The Encyclopedia Britannica was devised by Colin Macfarquhar and Andrew Bell, who conceived of, printed, and designed all copper plates for the first edition. Another Enlightenment-inspired project, Britannica was first published serially in pamphlet form. Each edition of Britannica grew in length and scope, and with these changes, it grew in popularity.
The 1797 third edition of Encyclopedia Britannica more than doubled the scope of the previous two editions and started Britannica on the path to becoming a household name across the globe. / THF620752
Britannica is notable for a variety of reasons. It is the first encyclopedia to implement constant revisions to ensure the relevance and accuracy of information. By the 11th edition, it was published in complete sets, instead of serialized as it was written, and an additional index was developed to assist with organization of information. All these changes, plus a shift to American ownership, helped Britannica to skyrocket in popularity. By the 1920s, Sears Roebuck took ownership of Britannica and was able to sell complete sets through their mail-order catalogs.
This ad for a set of Encyclopedia Britannica grabs readers by informing them they will cost less than a typewriter or washing machine. / THF135870
The mass publishing of encyclopedias opened a whole world of information to the middle class. People no longer needed to camp out at libraries to finish papers or conduct basic research. Encyclopedias could be bought on installment plans for household and personal use. Other popular encyclopedias, like Americana and World Book, also flourished during this time.
Families would store encyclopedia collections on their bookshelves, often in public areas of their homes. This made them a small status symbol to show off for guests. / THF620097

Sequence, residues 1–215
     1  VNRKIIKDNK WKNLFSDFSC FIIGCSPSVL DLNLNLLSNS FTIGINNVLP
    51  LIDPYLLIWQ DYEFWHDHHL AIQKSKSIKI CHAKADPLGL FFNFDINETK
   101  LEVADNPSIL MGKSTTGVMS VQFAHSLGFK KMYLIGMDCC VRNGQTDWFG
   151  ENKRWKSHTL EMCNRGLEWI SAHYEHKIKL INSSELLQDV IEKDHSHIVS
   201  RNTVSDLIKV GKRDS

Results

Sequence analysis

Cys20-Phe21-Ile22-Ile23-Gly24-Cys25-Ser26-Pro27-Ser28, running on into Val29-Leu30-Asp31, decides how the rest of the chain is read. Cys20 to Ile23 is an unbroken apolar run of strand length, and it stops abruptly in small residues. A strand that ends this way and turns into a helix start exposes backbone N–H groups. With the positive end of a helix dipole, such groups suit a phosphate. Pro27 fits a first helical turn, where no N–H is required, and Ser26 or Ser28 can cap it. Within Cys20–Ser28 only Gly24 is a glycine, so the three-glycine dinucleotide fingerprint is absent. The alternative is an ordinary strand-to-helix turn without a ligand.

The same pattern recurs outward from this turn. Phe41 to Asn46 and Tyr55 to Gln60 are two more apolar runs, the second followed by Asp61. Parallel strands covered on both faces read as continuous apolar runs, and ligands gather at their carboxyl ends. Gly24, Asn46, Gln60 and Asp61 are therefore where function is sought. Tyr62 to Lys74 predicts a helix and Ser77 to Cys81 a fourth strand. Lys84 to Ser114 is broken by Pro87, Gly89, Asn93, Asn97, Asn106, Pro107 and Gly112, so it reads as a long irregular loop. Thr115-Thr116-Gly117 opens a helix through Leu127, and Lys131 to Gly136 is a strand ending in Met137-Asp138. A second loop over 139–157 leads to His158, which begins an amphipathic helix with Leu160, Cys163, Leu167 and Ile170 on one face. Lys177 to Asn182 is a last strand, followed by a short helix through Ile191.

Encyclopedias remained relevant through the advent of the Internet age, but encyclopedias do have one major flaw—they are out of date the moment they are printed. This, coupled with the cost of owning a full set of encyclopedias plus any additional supplements, led companies like Britannica to cease print publication in 2010.
That isn’t to say the idea behind encyclopedias has gone the way of the print publications. Sites like Wikipedia crowdsource information to create a massive Internet encyclopedia. Britannica, World Book, and others have adopted to online models. This method allows for more entries, up-to-date information, and easier access.
James A. H. Bell (circa 1890-1915) has his Zoom bookshelf game on point. / THF38607
I’m Sarah Andrus, and I am the librarian at The Henry Ford. The Henry Ford’s library is an extensive resource for our staff, researchers, and scholars to explore our collections, as well as provide all of the background reading you could need for a lifetime. While our reading room has been closed to the public, I’ve been providing book recommendations to my colleagues at The Henry Ford, and I’d like to pass those along to you!
It is now the end of October, and that means two things:
It is National Book Month, and readers around the world get to celebrate their favorite stories.
In 2020 we have all been on way too many video calls.